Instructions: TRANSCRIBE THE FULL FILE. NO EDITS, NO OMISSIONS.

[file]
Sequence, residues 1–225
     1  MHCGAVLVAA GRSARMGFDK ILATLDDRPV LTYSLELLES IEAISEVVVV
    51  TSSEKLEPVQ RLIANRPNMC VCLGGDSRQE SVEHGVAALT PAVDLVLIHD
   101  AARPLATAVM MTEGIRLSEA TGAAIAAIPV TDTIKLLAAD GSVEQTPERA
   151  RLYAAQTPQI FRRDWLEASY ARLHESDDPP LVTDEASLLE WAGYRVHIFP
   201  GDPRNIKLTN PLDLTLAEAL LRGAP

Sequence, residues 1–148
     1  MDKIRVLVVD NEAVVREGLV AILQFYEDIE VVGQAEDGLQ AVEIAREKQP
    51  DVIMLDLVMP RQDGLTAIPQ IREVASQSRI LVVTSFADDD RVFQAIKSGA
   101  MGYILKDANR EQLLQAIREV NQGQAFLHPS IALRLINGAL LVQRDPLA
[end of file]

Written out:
Sequence, residues 1–225
     1  MHCGAVLVAA GRSARMGFDK ILATLDDRPV LTYSLELLES IEAISEVVVV
    51  TSSEKLEPVQ RLIANRPNMC VCLGGDSRQE SVEHGVAALT PAVDLVLIHD
   101  AARPLATAVM MTEGIRLSEA TGAAIAAIPV TDTIKLLAAD GSVEQTPERA
   151  RLYAAQTPQI FRRDWLEASY ARLHESDDPP LVTDEASLLE WAGYRVHIFP
   201  GDPRNIKLTN PLDLTLAEAL LRGAP

Sequence, residues 1–148
     1  MDKIRVLVVD NEAVVREGLV AILQFYEDIE VVGQAEDGLQ AVEIAREKQP
    51  DVIMLDLVMP RQDGLTAIPQ IREVASQSRI LVVTSFADDD RVFQAIKSGA
   101  MGYILKDANR EQLLQAIREV NQGQAFLHPS IALRLINGAL LVQRDPLA